Properties of tomato

We can say that tomato is the perfect food. Beside of its taste and the hint of colour that it gives to your dishes, it has an endless list of attributes. Tomato contains lots of vitamines and minerals, but its most outstanding feature is the combination of vitamine C and lycopen, a kind of carotene that gives tomato its red color. They both are two of the most powerful known antioxidants, protecting cells against the oxidative stress that causes cancer, cardiovascular illness and skin ageing.

Lycopen is liberated when tomato is cooked, and when it gets in contact with some fatty acids, as the ones in olive oil. So that, tomato sauce, stir-fry and even ketchup are excellent anti-age solutions. In adition, tomato mineralizes our bodies and is a really good diuretic. It helps to expel uric acid and provides only 20 kilocalories per 100 g. So it is perfect for any diet.

Tomato is Umami

We are not the only to say that tomato is delicious. Scientists claim it too. Besides the four traditional tastes (Sweet, salty, bitter and acid) Japanese scientist Kikunae Ikeda set up a fifth one that he called umami (Japanese word for ‘delicious taste’. Umamis is present in breast milk, green tea, cheese, aspargus and, obviously, tomatoes. And these last ones are also able to increase the taste of other food.

Food industry has known it for a long time. Aminoacids responsibles for perceiving this taste – mainly glutamate and aspartame- has been isolated for being used as artificial intensifiers. Nowadays, these artificial intensifiers have got a vaery bad press, however researching on their health effects are contradictory.

Nevertheless, why would you wanted to use artificial intensifiers when a pair of good tomatoes is going to get a perfect taste?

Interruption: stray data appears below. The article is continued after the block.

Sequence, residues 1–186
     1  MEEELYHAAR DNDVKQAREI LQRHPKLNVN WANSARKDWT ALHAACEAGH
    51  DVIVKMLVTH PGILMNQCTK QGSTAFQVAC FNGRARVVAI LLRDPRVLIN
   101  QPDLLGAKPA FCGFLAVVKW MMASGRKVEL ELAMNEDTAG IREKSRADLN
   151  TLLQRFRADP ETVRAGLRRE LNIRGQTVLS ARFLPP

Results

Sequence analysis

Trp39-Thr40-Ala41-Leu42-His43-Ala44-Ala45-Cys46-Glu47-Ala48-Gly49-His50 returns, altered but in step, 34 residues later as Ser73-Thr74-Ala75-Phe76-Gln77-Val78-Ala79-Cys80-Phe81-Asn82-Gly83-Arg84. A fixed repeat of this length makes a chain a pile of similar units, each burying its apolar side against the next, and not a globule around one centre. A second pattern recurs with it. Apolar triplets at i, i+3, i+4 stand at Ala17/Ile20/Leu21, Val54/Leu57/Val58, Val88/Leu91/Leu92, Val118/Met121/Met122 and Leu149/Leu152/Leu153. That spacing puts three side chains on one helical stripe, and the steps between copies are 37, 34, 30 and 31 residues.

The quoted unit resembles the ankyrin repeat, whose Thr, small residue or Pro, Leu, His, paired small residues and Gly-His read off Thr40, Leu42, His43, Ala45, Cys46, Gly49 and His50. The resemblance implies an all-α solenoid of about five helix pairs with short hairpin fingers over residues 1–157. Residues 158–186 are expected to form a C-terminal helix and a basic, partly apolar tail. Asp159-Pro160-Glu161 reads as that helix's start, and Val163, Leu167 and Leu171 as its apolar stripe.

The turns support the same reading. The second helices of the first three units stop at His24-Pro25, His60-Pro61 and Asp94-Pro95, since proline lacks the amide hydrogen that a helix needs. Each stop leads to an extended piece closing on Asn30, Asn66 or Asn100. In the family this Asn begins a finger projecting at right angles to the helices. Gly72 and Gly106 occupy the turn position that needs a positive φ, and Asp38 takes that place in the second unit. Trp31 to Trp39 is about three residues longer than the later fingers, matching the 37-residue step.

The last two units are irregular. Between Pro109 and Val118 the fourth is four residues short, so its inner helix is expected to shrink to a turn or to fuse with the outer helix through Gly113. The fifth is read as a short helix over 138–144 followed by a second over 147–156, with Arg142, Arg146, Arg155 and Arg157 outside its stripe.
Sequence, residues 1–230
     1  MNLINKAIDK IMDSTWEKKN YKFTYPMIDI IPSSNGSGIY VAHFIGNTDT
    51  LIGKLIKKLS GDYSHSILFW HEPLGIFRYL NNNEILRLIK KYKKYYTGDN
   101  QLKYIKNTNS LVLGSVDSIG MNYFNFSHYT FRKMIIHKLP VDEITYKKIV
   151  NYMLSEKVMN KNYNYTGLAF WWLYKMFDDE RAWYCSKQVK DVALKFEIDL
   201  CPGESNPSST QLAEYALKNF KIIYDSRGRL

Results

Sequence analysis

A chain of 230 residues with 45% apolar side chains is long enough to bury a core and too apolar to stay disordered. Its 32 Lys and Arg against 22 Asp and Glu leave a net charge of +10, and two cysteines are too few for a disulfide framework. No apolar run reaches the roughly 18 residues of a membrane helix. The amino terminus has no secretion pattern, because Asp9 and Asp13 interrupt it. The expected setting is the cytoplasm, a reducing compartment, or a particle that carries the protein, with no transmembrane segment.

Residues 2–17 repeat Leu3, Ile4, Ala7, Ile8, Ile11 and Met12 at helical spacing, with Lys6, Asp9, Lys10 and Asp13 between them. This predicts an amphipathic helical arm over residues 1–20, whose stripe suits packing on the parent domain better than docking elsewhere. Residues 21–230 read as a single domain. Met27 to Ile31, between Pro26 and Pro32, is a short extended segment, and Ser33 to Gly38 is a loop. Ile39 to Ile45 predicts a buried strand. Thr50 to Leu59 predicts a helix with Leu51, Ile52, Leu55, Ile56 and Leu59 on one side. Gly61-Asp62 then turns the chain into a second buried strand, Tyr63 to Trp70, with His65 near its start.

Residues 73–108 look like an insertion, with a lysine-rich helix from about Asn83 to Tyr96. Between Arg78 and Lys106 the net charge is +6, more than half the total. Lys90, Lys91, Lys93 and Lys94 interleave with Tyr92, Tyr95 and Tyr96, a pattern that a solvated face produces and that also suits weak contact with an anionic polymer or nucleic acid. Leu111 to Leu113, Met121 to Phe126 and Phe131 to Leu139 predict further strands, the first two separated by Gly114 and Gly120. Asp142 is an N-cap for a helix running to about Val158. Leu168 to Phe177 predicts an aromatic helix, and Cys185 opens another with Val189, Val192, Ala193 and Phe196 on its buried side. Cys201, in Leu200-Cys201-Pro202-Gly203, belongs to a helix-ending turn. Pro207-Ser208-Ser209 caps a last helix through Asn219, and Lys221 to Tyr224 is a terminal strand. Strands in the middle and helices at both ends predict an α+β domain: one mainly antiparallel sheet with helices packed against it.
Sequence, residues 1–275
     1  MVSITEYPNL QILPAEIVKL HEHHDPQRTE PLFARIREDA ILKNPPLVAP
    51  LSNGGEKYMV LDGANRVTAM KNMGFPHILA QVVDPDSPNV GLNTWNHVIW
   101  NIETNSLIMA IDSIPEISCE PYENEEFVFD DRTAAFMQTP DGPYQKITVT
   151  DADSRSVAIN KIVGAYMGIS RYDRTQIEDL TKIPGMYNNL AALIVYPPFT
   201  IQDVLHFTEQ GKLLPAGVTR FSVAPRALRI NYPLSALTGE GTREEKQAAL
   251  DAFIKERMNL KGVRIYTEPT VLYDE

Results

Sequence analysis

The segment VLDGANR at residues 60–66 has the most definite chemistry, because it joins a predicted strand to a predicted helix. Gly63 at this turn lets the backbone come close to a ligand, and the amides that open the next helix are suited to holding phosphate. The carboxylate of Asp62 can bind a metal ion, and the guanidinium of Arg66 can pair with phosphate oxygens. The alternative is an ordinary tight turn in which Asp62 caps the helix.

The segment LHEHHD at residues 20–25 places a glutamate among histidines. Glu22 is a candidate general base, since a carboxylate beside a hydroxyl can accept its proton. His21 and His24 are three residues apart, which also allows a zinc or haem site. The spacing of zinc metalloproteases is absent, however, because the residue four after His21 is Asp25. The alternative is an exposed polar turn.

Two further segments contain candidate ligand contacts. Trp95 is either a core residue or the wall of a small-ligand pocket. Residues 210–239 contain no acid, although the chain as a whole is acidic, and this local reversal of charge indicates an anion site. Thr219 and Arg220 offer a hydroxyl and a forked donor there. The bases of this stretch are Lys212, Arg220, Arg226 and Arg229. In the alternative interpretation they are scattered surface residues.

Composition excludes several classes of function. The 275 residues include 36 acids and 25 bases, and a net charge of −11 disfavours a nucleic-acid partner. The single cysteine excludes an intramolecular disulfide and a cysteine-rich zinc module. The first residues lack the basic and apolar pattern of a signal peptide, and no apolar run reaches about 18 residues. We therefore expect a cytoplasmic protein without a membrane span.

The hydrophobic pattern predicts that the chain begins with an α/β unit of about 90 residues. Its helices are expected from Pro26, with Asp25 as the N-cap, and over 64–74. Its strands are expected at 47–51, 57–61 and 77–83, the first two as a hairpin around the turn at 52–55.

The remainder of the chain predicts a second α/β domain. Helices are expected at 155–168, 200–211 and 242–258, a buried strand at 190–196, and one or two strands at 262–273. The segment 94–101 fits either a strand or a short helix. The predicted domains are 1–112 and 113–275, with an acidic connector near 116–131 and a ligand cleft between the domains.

Tomato in our kitchen

Organic tomato on its season, or from local producers when we buy tinned tomato, has become in one of our main stars. Obviously it plays a leading role in our Gazpacho, co-starring with fish in our Cod in Tomato Sauce, and it is the guest star of our Pisto with Fried Egg. Three really umami and very healthy choices.

Say Cheese!

Cheese is one of those things discovered by chance that changed human life -or human diet at least.

10.000, 5.000 years ago, a man or a woman -probably one in each corner of the world- put some milk in a wineskin made from the stomach of an animal, the rennet did its work and voilá: the history of gastronomy changed forever. Stilton, Pecorino, Cabrales, Camembert, Gouda, Feta, Paneer, who could imagine food culture without cheese?

Even when supermarkets are full of substitutes and other heresies created by food industry in the name of progress and developement, good cheese is still produced in a very traditional way, attached to environmental conditions of its area of production. It is the case of La Serena Cheese and all flower cheese in Extremadura.

Flower cheese is made with sheep milk curled by milk thistle, and it is usually the result of a kind of ecosystem: La Serena is a district of Extremadura where there are more sheeps than people, with large open plain lands inhabited by merino sheep and plenty of thistles, where cheese has grown as a solid industry.

Nowadays, the cheese of La Serena has a protected denomination of origin, which proudly states that it is the only Spanish cheese exclusively made with raw milk from Merino sheeps and vegetal rennet. One kilo of cheese needs the milk of 15 sheeps and it is produced in an traditional way, fire-branded to guarantee its authenticity because it implies that the cheese has followed all the quality controls.

Here, in La Tertulia, we serve Tortas de La Serena (D.O), a kind of La Serena Cheese characterized by its creamy, semi-soft consistence, so it is eaten spread on toast bread or biscuits (we usually serve it with homemade tomato jam). Your first impresion could be a bit unpleasant (I’m not gonna lie, it really stinks) but wait to taste it: you won’t be able to forget “its brash, strong and memorable flavors“.

Yes, flavours, in plural, because it has the four of them: sour at first, then a bit salty, a bit bitter, and finally, with a sweet after-taste. A mix that claims for a good wine, maybe a Rioja, but I would choose a Ribera del Guadiana to have a whole symbiotic experience.

Now that you have said cheese, there is only a decision to be made: starter or dessert?